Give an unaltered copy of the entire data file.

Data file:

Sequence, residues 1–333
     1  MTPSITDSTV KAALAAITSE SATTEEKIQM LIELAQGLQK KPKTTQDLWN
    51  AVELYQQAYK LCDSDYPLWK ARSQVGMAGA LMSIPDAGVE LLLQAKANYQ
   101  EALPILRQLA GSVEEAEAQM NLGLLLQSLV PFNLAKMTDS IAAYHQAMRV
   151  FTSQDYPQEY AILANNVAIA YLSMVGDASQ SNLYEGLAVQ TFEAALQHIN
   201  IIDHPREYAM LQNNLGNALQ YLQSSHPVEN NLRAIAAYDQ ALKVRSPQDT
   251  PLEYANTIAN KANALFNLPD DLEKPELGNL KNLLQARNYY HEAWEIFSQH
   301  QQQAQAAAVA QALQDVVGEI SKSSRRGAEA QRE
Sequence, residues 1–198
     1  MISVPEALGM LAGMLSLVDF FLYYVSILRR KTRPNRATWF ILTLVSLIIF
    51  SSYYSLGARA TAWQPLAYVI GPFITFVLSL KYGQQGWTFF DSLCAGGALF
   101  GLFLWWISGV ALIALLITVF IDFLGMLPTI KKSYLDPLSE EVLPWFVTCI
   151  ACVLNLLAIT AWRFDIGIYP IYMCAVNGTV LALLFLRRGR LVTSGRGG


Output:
Sequence, residues 1–333
     1  MTPSITDSTV KAALAAITSE SATTEEKIQM LIELAQGLQK KPKTTQDLWN
    51  AVELYQQAYK LCDSDYPLWK ARSQVGMAGA LMSIPDAGVE LLLQAKANYQ
   101  EALPILRQLA GSVEEAEAQM NLGLLLQSLV PFNLAKMTDS IAAYHQAMRV
   151  FTSQDYPQEY AILANNVAIA YLSMVGDASQ SNLYEGLAVQ TFEAALQHIN
   201  IIDHPREYAM LQNNLGNALQ YLQSSHPVEN NLRAIAAYDQ ALKVRSPQDT
   251  PLEYANTIAN KANALFNLPD DLEKPELGNL KNLLQARNYY HEAWEIFSQH
   301  QQQAQAAAVA QALQDVVGEI SKSSRRGAEA QRE
Sequence, residues 1–198
     1  MISVPEALGM LAGMLSLVDF FLYYVSILRR KTRPNRATWF ILTLVSLIIF
    51  SSYYSLGARA TAWQPLAYVI GPFITFVLSL KYGQQGWTFF DSLCAGGALF
   101  GLFLWWISGV ALIALLITVF IDFLGMLPTI KKSYLDPLSE EVLPWFVTCI
   151  ACVLNLLAIT AWRFDIGIYP IYMCAVNGTV LALLFLRRGR LVTSGRGG